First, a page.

Journey to the Center of Campania, or Preserving Time in a Bottle

Jul 14, 2016

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It’s the dirt. The way it looks. The way it smells. The way it sifts through your fingers as you scoop a handful from a dark corner of a 1,000-year-old cellar, knowing that at some point in history an ancient Roman probably did the same. And a seventeenth-century nobleman. Perhaps even an invading German soldier.

And now you.

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The Mustilli family cave is a monument to time, a sacred place that holds a special power over anyone who walks through it, touches its black, volcanic-born walls and breathes its humid air. Since the fourteenth century, members of the Mustilli family have stashed bottles of wine, food for the winter, family treasures — even friends and relatives as foreign armies marched overhead — in this underground warren.

Just last May, our team visited this organic family estate in the medieval village of Sant’Agata dei Goti, inland from Naples in Campania.

After sharing a generous lunch with the family, we were eager to see the cave, to go beneath the ground and find the family’s roots, where all this history truly began.

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It was in this cave where we discovered the soul of both the family and their wines — and understood why it was so important to generations of Mustillis that they carry the torch for Campania’s local traditions and native grapes.

Our underground guides were the Mustilli sisters, the driving force behind the family’s modern winery. Anna Chiara, with her close-cropped silver hair and piercing blue eyes, runs the vineyards and the cellar, while Paola, a broad smile under big glasses, runs the business side.

Ancient places have ancient energies. As we wandered through these narrow tunnels, some 45 feet below the ground, we all fell silent, breathing in the scents of aged wine and warm stone, touching the smooth wood of oak staves on wine barrels assembled in the cave by candlelight centuries ago. Paola shared stories of the cave as her playground, hiding in dark crevices from Anna Chiara while their father, Leonardo, drew samples of Falanghina from old cement tanks.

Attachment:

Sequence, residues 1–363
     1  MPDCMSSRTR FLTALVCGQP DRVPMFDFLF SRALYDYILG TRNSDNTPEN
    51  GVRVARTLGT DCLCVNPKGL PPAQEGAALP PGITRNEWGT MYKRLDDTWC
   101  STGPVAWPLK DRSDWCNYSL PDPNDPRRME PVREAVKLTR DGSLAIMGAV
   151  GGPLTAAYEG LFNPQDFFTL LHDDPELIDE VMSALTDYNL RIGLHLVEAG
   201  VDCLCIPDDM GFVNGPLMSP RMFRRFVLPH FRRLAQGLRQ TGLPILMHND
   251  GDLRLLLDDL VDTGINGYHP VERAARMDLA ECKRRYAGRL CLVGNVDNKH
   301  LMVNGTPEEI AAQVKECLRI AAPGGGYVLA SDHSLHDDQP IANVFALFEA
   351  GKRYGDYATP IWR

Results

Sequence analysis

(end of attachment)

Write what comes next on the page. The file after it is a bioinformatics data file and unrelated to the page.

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Watching Anna Chiara select various old vintages of wine from metal racks was a study in precision. Holding each bottle under a single bulb, she examined them one by one to ensure each was ready to make the journey from the center of the earth to the tasting room. It was here where we understood the family’s attention to detail, their commitment to capturing a grape’s true character — not just from the fields to the cellar, but through the path of time.

Finally, above ground, we made ourselves comfortable in the family’s old cantina, now a welcoming café and restaurant where the sisters’ husbands — both musicians — play guitar on the weekend and where Sunday lunch is an hours-long affair. Gingerly Anna Chiara pulled the corks from two of her first vintages as a winemaker, a 2002 Falanghina and a 2001 Greco di Tufo. Then we opened two more bottles from her father: a 1980 Falanghina and a 1977 Greco di Tufo.

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Just as we had sifted the dirt of history and time through our hands below in the caves, we tasted through history and memory with the family, the wines more than able storytellers.

Powerful, expressive and full of life, holding both the significance of the past and excitement for the future — the wines spoke not only of the vibrant personalities of this generations-deep southern Italian family but of this unforgettable corner of Campania.

We can’t wait to return.

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To learn more about our partners Azienda Agricola Mustilli and their wines, call a portfolio specialist at 800.266.6585.